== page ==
Respondents were also asked to identify the projects that they would prioritise if resources were available. Among the common responses were: individual financial assistance/hardship grants; funding of accommodation for seafarers or their families who are refugees outside of Ukraine, mental health support, funding of SIM cards/WiFi for seafarers impacted by the war; legal support; and support for efforts to lobby the Ukrainian government to allow seafarers to leave the country for new contracts as a reserved occupation of strategic national importance.
Based on its initial review of the findings of the survey and feedback from respondents, SIRF has identified several immediate recommendations for all organisations that are involved in supporting seafarers affected by the Ukraine crisis, including Ukrainian nationals.
• Continue to provide funding for hardship grants and/or accommodation support for seafarers and their families affected by the war.
• Continue to support communications through the provision of data-enabled SIM cards and WiFi in ports around the world.
• Initiate a feasibility study on the development of a mental health support service for seafarers and their families affected by the war.
• Support efforts to allow Ukrainian seafarers to travel internationally for work.
More information is available publicly at this link
5. Warehouse risks
The international freight transport insurer TT Club has highlighted safety risks at cargo storage facilities. Some of these can lead to catastrophic incidents, though less startling events, together with near misses are more common in a congested supply chain world. Together these may have the potential to be just as damaging and disruptive. In continuing its mission to mitigate such risks, TT has issued a new warehousing series of its TT Briefs.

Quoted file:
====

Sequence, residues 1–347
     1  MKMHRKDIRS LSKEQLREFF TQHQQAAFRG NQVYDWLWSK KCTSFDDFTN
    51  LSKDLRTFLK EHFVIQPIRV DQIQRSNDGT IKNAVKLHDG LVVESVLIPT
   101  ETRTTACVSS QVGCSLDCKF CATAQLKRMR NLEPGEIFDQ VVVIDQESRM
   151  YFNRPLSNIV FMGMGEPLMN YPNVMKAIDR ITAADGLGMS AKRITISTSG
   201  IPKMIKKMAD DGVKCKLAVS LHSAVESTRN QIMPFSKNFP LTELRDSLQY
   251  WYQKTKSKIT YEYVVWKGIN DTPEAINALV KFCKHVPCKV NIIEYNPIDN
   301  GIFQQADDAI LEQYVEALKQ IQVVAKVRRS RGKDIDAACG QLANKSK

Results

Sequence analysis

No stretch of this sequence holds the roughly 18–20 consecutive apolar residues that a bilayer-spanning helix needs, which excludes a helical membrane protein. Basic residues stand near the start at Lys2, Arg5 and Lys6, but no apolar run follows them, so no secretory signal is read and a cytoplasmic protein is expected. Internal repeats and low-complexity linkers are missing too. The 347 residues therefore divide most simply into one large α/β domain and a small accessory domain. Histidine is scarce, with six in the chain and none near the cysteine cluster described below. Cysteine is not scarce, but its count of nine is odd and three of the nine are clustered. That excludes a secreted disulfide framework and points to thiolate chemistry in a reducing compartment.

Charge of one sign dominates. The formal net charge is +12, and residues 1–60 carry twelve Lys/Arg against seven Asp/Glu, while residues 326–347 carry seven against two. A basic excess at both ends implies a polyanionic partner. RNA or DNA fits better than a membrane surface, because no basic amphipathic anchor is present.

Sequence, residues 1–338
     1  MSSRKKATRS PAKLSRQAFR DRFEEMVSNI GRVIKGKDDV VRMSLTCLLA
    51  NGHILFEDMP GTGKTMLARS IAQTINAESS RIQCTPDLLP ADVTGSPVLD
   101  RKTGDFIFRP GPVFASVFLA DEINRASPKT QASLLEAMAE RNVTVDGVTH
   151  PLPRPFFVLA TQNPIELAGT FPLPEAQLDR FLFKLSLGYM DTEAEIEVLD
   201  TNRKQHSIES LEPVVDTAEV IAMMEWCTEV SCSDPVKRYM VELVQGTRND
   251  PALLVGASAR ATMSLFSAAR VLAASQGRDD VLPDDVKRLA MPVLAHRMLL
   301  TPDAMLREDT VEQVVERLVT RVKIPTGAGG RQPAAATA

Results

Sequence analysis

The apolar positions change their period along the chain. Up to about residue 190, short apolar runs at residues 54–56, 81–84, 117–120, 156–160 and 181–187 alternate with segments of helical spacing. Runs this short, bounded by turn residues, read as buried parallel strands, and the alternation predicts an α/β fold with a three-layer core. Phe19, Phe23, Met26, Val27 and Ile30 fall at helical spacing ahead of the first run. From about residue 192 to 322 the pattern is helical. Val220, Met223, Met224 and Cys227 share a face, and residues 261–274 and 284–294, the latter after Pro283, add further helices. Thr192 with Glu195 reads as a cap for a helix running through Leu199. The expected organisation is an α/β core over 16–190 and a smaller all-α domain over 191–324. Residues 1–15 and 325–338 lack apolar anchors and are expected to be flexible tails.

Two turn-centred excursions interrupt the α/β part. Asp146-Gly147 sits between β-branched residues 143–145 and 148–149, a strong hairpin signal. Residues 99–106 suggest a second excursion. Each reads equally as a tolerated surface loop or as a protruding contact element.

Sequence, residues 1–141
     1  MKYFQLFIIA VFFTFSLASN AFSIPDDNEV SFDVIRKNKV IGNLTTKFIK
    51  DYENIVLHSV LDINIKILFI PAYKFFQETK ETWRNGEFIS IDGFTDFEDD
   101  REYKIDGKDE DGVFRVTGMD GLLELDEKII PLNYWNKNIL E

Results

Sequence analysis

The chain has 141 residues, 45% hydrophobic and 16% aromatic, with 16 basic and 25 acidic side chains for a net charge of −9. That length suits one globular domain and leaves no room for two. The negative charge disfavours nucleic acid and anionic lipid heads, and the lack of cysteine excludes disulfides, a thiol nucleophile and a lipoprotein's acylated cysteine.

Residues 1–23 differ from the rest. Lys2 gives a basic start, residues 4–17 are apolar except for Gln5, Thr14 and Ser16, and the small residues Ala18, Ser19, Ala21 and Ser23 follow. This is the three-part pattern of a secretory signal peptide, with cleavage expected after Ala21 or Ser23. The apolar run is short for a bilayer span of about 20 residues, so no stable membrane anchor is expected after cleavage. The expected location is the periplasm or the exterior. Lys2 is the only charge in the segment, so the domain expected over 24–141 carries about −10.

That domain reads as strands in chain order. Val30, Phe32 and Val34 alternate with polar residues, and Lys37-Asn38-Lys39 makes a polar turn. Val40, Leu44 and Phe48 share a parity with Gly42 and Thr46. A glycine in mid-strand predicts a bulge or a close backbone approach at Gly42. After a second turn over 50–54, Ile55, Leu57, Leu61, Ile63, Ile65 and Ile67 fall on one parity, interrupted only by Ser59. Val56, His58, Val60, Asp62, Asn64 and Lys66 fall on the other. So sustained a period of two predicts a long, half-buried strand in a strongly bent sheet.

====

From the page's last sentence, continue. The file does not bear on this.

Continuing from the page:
TT Briefs are designed to convey risk management advice succinctly in easily digestible form for operators to download* and utilise both in the workplace and throughout their organisations. In the case of the warehouse series, five crucial topics are addressed:
• Choosing a storage warehouse
• Operating a safe warehouse
• Mitigating flood risk
• Preventing warehouse fires
• Operating a secure warehouse
“Whether located in port areas or inland, warehouses are a fundamental component of the global supply chain and arguably they have become increasingly important nodes, as just in time supply chain models are being adjusted with a more conservative approach to longer-term inventory storage,” comments Mike Yarwood, TT’s MD of Loss Prevention. “We are keen to increase awareness of all key risks, however our role at TT is also to guide operators in the prevention of incidents. Our TT Brief series seeks to provide pithy messaging to support toolbox talks and good operational practices.”
Safety precautions begin with practical considerations for establishing a warehouse. These inevitably relate to location, size, availability of labour etc., but the first and most important decision will be whether to own or lease the property. There are considerable differences in responsibilities and liabilities and these must be fully understood to mitigate risk.